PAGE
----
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Archive for South Sudan

Newsline: Vatican appears set to open first embassy in South Sudan

Pope Francis appears set to order the opening of the Vatican’s first permanent embassy in South Sudan in a gesture of solidarity with a country that has suffered a devastating civil war since 2013. The bishops’ conference for Sudan and South Sudan announced the move in a release June 6, saying it had received word from the Vatican’s Secretariat of State that Kenyan Msgr. Mark Kadima would shortly be named as South Sudan’s first resident apostolic nuncio. “I express to His Holiness heartfelt gratitude,” said Bishop Eduardo Hiiboro Kussala, president of the conference. “This step of our Holy Father truly cools the hearts of downtrodden war victims in these nations and … symbolizes the honest friendly ties between South Sudan and the Holy See.” South Sudan has had an apostolic nuncio, or Vatican ambassador, since 2013 in Archbishop Charles Balvo. But Balvo, who is originally from New York, has conducted his work from Nairobi, Kenya.



Newsline: Sudan summons CAR envoy to protest killing of ambassador’s guard

Sudan’s foreign ministry summoned the Central African Republic (CAR) Ambassador to protest the killing of a Sudanese security agent killed by the local police inside the residence of its ambassador in Bangui. The security agent was mistakenly killed by the members of the Central Office for the Suppression of Banditry (OCRB), who thought he was a member militia member as the situation remained tense in the CAR capital on Friday after the death of some 24 people on Tuesday in attacks on a church and a mosque. Foreign Ministry Spokesperson Gharib Allah Khidir said they handed over an official protest note to the CAR Ambassador Abdel Rahim Abdallah demanding to arrest the perpetrators of te attack and bring them to justice. Also, Sudan requested to provide the needed security to protect the mission, the ambassador and its team members. The Sudanese foreign ministry said the slain security agent was the guard of the ambassador’s residence. Ambassador Khidir said CAR Central African President Faustin-Archange Touadera paid a visit to the ambassador’s residence to offer his condolences and pledged to bring the perpetrators to justice.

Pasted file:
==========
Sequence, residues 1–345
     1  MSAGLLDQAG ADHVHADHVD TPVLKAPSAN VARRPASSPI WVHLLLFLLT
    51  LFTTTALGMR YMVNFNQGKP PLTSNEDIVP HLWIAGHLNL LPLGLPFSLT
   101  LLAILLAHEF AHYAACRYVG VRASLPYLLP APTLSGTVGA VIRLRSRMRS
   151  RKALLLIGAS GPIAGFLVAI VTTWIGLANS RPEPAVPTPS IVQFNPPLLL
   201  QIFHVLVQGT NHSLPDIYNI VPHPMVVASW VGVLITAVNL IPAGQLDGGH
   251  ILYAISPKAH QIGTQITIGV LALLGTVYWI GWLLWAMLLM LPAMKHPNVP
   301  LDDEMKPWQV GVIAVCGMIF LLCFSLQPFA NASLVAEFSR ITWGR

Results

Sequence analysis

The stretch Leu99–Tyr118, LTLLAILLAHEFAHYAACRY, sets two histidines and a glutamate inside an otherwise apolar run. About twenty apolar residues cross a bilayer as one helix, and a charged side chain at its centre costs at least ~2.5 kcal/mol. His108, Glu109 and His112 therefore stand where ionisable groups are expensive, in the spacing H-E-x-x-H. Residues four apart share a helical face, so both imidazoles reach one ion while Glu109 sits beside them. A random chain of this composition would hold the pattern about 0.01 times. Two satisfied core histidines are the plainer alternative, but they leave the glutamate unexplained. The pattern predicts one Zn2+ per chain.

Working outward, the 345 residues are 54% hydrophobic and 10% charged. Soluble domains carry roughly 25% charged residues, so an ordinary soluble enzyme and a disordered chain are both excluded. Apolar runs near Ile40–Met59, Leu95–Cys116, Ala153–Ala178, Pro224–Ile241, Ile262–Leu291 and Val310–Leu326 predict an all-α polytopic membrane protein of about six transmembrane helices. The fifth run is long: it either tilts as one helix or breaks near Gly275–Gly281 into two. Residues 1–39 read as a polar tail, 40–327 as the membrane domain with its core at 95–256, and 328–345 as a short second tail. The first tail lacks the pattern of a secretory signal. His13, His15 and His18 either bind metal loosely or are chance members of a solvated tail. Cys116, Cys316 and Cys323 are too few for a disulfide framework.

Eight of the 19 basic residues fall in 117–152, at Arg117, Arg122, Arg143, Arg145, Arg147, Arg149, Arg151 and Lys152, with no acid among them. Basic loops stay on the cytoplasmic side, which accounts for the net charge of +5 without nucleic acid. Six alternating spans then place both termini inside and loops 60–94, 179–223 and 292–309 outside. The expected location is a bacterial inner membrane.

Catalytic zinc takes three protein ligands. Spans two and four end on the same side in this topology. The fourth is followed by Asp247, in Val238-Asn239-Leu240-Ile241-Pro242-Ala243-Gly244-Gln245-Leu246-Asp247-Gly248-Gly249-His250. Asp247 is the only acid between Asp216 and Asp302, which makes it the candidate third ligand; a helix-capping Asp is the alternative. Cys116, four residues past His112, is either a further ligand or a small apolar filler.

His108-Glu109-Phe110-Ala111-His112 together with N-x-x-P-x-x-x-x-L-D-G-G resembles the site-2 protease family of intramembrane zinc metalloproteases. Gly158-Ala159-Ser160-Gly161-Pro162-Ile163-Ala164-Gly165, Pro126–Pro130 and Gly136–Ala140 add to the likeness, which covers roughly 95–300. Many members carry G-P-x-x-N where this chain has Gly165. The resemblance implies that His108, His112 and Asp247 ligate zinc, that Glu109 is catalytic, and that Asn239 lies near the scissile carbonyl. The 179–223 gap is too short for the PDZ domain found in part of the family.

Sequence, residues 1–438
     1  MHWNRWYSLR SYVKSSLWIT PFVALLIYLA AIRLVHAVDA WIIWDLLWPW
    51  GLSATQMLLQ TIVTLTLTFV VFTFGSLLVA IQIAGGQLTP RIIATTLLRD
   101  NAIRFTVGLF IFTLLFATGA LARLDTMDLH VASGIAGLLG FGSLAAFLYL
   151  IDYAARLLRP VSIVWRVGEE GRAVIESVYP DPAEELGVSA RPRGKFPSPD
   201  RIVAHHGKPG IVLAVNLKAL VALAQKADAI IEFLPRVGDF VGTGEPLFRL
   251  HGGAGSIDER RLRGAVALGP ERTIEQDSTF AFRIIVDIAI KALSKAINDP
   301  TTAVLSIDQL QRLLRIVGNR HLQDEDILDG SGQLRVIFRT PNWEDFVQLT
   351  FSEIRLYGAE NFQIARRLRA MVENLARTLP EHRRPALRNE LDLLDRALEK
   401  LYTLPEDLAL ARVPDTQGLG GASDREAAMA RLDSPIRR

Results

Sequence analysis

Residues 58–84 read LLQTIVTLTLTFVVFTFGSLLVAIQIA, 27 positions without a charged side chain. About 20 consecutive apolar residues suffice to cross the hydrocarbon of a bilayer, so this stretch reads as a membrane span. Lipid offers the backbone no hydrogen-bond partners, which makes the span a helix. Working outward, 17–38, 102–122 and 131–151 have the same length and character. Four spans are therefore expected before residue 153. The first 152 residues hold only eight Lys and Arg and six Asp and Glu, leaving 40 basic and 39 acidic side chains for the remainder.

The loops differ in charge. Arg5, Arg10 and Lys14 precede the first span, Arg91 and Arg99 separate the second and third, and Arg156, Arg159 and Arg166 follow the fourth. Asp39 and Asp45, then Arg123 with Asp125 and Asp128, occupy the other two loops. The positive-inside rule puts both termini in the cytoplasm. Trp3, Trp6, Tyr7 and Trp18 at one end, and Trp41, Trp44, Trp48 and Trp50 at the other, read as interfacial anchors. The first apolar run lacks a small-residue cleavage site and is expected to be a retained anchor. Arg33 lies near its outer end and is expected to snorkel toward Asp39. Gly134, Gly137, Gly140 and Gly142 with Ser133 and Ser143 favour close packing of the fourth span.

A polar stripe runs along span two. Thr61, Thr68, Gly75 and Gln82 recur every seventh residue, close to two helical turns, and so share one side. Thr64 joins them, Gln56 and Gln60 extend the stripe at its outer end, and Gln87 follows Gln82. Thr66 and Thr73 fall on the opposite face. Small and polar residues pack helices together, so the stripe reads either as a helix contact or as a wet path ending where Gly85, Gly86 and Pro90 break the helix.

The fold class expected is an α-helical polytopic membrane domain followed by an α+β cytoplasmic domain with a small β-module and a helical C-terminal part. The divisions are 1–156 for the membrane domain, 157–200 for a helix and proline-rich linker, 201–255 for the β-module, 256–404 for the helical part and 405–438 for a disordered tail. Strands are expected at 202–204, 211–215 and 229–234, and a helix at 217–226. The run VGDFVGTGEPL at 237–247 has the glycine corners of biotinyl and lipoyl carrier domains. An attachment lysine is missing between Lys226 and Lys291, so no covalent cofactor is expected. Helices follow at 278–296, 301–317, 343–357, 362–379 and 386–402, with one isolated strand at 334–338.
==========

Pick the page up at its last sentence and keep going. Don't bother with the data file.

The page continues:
Newsline: South Sudan diplomat mistaken for bandit, shot dead in Central African Republic

An aide to South Sudan’s ambassador to the Central African Republic (CAR) was shot and killed in the country’s capital, Bangui on Friday. The unnamed official, AFP reported, was shot by men from the Central Office for the Suppression of Banditry (OCRB) who mistook him for a bandit. The incident reportedly took place after the OCRB men spotted aide with a weapon in his car and pursued him till his residence in Bangui. The Central African Republic President Faustin-Archange Touadera has reportedly apologised for the shooting of the embassy official. South Sudan’s foreign affairs ministry is yet to comment on the incident.


Newsline: South Sudan Embassy Worker in US Says Went Unpaid for a Year